"An issue that worries us and moves us to act. It is an essential initiative that combines ethical and scientific commitment so that women have more tools. And this is said by the first rector of a University that has taken 518 years for a woman to reach the rectorate ", he highlighted.

The opening ceremony was also attended by Mª José Ferrer San Segundo, first deputy mayor of the Valencia City Council, who highlighted the importance of this initiative to break the glass ceiling and the exemplary nature of the women who gathered at the CIPF today. .

During the morning session, the "Women in Science" Roundtable was held with the participation of Maite Paramio, president of the Association of Women Researchers and Technologists, and Virginia Langbackk, first director of the European Institute for Gender Equality.

After these interventions, the Futura Project was presented by its director, Luisa Bravo, and in which Enma Benlloch, manager of the UMH, and Elvira de la Peña, researcher at the UMH_CSIC neuroscience institute, also participated, as spokesperson for the scientists who are already active in the project.

Subsequently, at the "Current Keys to Female Leadership in Research" Roundtable, among other top-level professionals, the director of the National Cancer Research Center, María Blasco, spoke, commenting on a recent study by the Harvard Business Review, explaining that she has "a somewhat disturbing conclusion" because it talks about the fact that the predominant culture continues to be that of 24/7, "a culture of overwork that is still very present."

Mar Porras, from the Executive Board of the STEM Women Congress, participated in the subsequent table, "Female Leadership in Innovation and Entrepreneurship"; Mª Angeles Martin, president of Skylife Engineering; Laura Olcina, president of the Spanish Federation of Technology Centers and Isabel García, researcher at the Energy Research Center.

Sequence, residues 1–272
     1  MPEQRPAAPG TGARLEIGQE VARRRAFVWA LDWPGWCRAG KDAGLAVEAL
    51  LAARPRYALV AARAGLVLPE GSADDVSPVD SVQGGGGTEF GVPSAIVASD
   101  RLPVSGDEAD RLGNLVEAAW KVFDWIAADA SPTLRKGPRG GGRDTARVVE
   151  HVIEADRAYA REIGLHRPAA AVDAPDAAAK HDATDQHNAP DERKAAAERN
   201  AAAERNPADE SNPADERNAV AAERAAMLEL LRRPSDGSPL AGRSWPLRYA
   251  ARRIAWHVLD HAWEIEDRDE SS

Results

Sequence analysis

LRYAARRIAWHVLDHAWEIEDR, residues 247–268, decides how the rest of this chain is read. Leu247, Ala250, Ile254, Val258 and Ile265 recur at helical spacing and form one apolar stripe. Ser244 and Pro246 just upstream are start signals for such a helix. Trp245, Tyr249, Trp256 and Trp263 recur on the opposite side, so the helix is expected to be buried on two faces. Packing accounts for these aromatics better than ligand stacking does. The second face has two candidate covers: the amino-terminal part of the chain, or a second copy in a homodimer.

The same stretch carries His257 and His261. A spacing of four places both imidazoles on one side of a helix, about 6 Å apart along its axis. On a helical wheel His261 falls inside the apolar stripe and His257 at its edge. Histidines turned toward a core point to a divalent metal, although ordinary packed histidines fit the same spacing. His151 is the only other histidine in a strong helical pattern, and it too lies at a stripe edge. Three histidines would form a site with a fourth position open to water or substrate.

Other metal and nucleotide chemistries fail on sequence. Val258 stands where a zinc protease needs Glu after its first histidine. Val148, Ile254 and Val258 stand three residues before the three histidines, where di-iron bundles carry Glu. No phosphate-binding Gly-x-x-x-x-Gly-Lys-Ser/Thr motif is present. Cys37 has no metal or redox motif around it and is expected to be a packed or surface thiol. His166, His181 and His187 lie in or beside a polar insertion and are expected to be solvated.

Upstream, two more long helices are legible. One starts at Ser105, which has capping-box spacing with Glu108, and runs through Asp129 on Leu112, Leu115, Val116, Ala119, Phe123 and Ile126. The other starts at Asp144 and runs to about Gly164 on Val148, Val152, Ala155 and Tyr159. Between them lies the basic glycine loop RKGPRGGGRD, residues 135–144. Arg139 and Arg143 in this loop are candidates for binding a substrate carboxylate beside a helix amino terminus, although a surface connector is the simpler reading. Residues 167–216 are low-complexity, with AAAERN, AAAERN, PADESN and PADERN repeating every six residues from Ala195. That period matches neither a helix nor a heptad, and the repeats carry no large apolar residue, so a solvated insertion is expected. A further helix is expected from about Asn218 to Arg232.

The closing of the morning was given by Magdalena Cordero, former Director of Information and Innovation of the Court of Accounts and Mariola Penadés, General Director of Research and Innovation of the Ministry of Health. Penadés noted that "this is a meeting of an exceptional group of women who, with their passion and dedication, are enriching the world of science, and more specifically leadership in science."

"Talent has no gender and in no case should it be an impediment for anyone to achieve excellence. The world of science and research is enormously enriched by diversity and the different perspectives that each person, regardless of their gender, brings. to the table and contributes to society," he stated.

In the afternoon session, workshops will be held in which participants will be able to delve deeper into the main conclusions of the morning presentations and practice leadership and effective communication skills with a coach, connecting live with Spanish researchers who develop their activity at MIT and Harvard University.

The opening of the workshops will be led by the Spanish consul in Boston, Ana Durán. Representing the government of Spain, Silvia Rueda, director of the Women and Science Unit of the Ministry of Science and Innovation, will close this day of the Futura Project that is adding new allies.